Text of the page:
Lousy Durable Goods Data Sink GDP Forecasts for Q2

Lousy Durable Goods Data Sink GDP Forecasts for Q2 by Wolf Richter for Wolf Street

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Sign the already weak goods-based sector is getting weaker.

Boeing, where art thou? Boeing is suffering from a sharp decline in orders, and this translates into a sharp decline in orders for “civilian aircraft” in the durable goods data trove released this morning by the Commerce Department. But it’s not just Boeing. It’s broader and deeper, and it caused forecasts for GDP growth in the second quarter to get slashed.

Orders for durable goods – such as cars and appliances and other items designed to last at least three years – fell 2.1% in April compared to March, to $248.4 billion (seasonally adjusted), and were down a smidgen from April last year, the first year-over-year decline since January 2017, which had been the tail-end of the two-year-long decline in the US goods-based sector.

In the chart above, the historic spike in orders in July 2014 was caused by Boeing when it reported a huge order of 324 aircraft in the month.

The year-over-year decline in orders in April comes after February and March had been essentially flat year-over-year. This makes three months in a row of no growth when compared to the same period last year. And the data for orders in March still hadn’t been impacted by the Boeing fiasco that was just getting started.

Shipments of durable goods – goods that had been ordered in prior periods and were shipped in April – fell 1.6% in April from March, to $253.3 billion. They’ve been ticking down fairly consistently from their peak in December. Thanks to strength last year, shipments in April remain up 3.2% year-over-year.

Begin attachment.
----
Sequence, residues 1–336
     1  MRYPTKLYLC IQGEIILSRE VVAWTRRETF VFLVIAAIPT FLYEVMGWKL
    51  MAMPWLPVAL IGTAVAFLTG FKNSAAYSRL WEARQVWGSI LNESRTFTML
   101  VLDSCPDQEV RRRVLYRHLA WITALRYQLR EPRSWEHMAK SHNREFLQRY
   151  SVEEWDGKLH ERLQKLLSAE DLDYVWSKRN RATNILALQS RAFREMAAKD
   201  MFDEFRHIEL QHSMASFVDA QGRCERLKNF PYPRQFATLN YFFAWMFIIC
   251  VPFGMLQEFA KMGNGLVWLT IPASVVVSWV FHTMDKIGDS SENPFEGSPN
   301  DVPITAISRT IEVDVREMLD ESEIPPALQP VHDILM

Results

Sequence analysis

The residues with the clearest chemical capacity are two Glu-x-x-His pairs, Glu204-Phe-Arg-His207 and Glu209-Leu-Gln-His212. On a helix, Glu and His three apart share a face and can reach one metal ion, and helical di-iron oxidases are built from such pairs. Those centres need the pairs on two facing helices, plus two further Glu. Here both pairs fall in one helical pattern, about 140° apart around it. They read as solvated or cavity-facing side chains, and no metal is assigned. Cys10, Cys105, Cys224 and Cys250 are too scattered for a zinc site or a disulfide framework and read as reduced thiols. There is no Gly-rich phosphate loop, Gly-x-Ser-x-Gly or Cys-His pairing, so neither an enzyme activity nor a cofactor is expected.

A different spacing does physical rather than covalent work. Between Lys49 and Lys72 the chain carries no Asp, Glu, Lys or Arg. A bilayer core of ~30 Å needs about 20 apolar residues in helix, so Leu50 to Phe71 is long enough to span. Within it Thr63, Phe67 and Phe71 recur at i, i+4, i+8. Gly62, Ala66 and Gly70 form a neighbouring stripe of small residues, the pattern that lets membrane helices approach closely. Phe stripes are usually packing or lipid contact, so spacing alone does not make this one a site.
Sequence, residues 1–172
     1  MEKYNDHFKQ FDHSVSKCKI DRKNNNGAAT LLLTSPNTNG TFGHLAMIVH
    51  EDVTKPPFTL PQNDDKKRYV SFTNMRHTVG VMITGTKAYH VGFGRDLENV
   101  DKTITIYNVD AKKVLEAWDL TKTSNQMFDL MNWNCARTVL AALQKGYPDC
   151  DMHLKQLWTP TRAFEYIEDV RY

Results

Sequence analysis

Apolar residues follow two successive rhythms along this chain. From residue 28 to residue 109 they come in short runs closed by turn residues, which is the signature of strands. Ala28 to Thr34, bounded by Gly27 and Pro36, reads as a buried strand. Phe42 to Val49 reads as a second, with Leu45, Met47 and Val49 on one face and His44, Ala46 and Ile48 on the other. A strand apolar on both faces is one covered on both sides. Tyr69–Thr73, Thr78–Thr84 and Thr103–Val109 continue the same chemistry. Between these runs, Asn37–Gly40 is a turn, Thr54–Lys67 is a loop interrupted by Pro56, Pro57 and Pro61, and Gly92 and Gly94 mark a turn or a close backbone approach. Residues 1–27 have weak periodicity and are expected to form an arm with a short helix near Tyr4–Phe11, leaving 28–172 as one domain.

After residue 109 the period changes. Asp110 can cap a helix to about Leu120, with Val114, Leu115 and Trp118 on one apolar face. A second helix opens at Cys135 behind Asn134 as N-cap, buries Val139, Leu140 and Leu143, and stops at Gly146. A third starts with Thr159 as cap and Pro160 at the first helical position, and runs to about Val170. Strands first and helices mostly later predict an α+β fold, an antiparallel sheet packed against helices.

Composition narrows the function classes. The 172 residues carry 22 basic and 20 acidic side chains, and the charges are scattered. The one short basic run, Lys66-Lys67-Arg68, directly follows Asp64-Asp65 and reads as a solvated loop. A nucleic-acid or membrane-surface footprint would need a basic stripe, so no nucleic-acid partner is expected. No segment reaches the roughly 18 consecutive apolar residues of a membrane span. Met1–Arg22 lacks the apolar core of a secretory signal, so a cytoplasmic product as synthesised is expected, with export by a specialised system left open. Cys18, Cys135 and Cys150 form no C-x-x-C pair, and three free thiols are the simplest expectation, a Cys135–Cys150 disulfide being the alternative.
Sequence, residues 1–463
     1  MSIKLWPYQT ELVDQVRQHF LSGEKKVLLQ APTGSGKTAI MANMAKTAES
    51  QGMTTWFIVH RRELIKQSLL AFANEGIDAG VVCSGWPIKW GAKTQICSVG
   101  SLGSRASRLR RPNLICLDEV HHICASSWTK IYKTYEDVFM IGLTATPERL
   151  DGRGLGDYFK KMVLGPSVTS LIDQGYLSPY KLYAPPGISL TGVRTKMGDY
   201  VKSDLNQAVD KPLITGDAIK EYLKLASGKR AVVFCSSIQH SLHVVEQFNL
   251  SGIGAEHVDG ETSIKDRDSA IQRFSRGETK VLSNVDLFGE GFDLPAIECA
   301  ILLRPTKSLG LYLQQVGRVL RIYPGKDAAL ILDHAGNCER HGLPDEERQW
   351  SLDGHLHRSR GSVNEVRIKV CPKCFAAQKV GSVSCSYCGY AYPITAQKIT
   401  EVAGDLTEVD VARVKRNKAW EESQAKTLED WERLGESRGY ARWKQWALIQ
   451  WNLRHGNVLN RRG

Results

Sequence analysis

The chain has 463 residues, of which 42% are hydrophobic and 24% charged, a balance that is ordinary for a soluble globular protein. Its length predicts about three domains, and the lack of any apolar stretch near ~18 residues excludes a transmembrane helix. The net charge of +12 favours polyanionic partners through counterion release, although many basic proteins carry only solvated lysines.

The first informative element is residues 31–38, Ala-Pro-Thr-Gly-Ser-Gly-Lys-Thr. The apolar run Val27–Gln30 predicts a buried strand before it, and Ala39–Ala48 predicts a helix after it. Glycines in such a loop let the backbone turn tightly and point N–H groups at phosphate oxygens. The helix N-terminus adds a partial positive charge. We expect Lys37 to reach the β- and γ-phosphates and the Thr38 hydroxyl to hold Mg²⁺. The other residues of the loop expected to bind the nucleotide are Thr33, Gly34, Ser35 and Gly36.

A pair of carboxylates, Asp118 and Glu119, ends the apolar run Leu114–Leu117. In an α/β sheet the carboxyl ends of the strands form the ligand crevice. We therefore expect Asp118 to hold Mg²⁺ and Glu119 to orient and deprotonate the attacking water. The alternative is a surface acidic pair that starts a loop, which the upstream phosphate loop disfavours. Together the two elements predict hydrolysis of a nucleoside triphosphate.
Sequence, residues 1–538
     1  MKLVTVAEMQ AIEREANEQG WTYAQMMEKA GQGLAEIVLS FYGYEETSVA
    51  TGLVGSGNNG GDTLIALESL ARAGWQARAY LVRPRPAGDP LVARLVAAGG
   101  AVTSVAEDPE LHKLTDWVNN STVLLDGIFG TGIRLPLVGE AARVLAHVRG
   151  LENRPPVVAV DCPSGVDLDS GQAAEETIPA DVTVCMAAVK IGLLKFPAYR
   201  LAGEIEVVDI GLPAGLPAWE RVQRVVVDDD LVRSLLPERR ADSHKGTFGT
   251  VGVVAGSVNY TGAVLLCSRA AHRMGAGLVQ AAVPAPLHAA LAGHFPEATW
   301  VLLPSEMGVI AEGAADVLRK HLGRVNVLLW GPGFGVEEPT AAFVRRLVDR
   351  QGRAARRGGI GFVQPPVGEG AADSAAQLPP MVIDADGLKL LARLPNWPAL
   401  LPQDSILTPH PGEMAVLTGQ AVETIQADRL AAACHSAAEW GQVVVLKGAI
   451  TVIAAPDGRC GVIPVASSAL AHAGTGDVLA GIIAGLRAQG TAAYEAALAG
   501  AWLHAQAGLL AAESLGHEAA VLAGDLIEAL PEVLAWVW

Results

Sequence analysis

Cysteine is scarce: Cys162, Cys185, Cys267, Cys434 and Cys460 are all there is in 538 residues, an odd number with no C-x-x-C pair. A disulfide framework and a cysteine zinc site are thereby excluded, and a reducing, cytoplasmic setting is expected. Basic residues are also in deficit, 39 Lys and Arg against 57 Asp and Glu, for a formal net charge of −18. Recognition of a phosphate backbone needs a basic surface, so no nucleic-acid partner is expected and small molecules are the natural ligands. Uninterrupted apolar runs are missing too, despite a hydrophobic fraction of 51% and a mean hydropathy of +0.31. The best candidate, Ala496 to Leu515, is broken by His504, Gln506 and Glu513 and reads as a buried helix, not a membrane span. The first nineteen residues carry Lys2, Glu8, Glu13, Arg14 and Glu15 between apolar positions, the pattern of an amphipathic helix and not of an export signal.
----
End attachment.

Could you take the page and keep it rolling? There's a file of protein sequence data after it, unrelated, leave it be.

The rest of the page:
This chart shows the year-over-year percentage change in Shipments. Note the period in 2015 and 2016 – the “transportation recession” – because a decline in shipments causes a decline in the transportation sector. At the time, for the year 2016, GDP grew at a miserably slow 1.6%:

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Wolf Richter

In his cynical, tongue-in-cheek manner, he muses on WOLF STREET about economic, business, and financial issues, Wall Street shenanigans, complex entanglements, and other things, debacles, and opportunities that catch his eye in the US, Europe, Japan, and occasionally China. WOLF STREET is the successor to his first platform… TP-Title-7-small-200px …whose ghastly name he finally abandoned in July 2014. Here’s the story on that. Wolf lives in San Francisco. He has over twenty years of C-level operations experience, including turnarounds and a VC-funded startup. He earned his BA and MBA in Texas and his MA in Oklahoma, worked in both states for years, including a decade as General Manager and COO of a large Ford dealership and its subsidiaries. But one day, he quit and went to France for seven weeks to open himself up to new possibilities, which degenerated into a life-altering three-year journey across 100 countries on all continents, much of it overland. And it almost swallowed him up.